2,306 research outputs found

    Mechanochemical synthesis of a new triptycene-based imine-linked covalent organic polymer for degradation of organic dye

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    In the present work, a novel triptycene-based imine-linked covalent organic polymer (TP-COP) was designed and synthesized via room-temperature, solvent-free mechanochemical grinding. The as-synthesized TP-COP material was fully characterized by Fourier transform infrared spectroscopy, solid-state NMR, field emission scanning electron microscopy (FESEM), high-resolution transmission electron microscopy (HRTEM), Brunauer-Emmett-Teller method, thermogravimetric analysis, diffuse reflectance spectroscopy (DRS), and electron paramagnetic resonance (EPR). The HRTEM image of TP-COP clearly indicates the presence of graphene-like layered morphology (exfoliated layers). The DRS study reveals that TP-COP exhibited a low optical band gap value of 2.49 eV, implying its semiconducting nature. Further, the EPR study confirmed the semiconducting behavior of TP-COP through the generation of free radicals. These findings suggest that TP-COP could be used as an efficient photocatayst for the degradation of organic dye (RhB) under solar irradiation. Moreover, TP-COP showed excellent reusability in degrading dye (RhB) without obvious performance decay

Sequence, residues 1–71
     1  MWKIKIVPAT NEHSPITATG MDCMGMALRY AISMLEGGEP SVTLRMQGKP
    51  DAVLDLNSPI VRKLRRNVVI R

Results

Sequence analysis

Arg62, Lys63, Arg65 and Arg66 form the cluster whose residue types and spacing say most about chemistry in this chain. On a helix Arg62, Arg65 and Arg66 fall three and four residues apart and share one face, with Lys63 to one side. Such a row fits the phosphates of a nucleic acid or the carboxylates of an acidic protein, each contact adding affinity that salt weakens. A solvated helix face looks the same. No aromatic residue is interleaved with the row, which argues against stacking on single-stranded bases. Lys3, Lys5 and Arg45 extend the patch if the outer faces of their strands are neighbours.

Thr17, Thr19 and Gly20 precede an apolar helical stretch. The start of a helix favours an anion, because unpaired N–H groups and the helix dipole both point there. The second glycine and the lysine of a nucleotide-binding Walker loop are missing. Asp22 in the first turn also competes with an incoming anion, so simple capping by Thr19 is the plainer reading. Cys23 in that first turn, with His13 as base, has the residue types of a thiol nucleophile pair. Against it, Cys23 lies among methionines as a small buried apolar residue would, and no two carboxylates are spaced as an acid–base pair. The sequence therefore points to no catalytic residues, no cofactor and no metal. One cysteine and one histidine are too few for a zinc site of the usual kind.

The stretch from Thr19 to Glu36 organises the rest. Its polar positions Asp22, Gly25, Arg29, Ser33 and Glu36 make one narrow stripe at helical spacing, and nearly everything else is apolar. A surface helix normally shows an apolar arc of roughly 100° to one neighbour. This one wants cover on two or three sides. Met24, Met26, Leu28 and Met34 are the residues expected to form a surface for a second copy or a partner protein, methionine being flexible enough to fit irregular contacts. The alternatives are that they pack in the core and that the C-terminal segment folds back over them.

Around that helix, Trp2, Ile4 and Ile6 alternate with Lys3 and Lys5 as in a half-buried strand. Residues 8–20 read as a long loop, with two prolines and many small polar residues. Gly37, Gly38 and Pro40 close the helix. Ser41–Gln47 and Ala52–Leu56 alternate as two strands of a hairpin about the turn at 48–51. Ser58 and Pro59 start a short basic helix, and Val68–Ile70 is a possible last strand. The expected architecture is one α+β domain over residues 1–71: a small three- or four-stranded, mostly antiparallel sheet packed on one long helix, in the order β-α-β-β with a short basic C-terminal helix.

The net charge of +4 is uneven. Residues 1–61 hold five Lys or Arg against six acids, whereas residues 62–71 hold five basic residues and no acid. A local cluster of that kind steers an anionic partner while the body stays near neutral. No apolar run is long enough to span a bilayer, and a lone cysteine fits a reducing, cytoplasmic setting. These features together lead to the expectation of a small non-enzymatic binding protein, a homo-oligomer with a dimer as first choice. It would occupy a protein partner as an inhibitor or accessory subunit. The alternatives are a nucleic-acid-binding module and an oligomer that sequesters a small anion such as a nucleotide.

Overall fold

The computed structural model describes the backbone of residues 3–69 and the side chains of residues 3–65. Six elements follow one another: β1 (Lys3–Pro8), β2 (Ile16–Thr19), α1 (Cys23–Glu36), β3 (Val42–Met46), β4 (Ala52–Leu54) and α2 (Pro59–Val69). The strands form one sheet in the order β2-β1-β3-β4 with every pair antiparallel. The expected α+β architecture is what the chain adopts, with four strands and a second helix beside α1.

Monitoring energy hotspots in software

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    International audienceGreen IT has emerged as a discipline concerned with the optimiza- tion of software solutions with regards to their energy consumption. In this domain, most of the state-of-the-art solutions concentrate on coarse-grained approaches to monitor the energy consumption of a device or a process. In this paper, we report on a fine-grained runtime energy monitoring framework we developed to help developers to diagnose energy hotspots with a better accuracy.Concretely, our approach adopts a 2-layer architecture including OS-level and process-level energy monitoring. OS-level energy monitoring estimates the energy consumption of processes according to different hardware devices (CPU, network card). Process-level energy monitoring focuses on Java-based applications and builds on OS-level energy monitoring to provide an estimation of energy consumption at the granularity of classes and methods. We argue that this per-method analysis of energy consumption provides better insights to the application in order to identify potential energy hotspots. In particular, our preliminary validation demonstrates that we can monitor energy hotspots of Jetty web servers and monitor their variations under stress scenarios

    A fuzzy load balancer for adaptive fault tolerance management in cloud platforms

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    This work was partly supported by IC4 (the Irish Centre for Cloud Computing and Commerce), funded by EI and the ID

    A Naturally Occurring Mutation in ropB Suppresses SpeB Expression and Reduces M1T1 Group A Streptococcal Systemic Virulence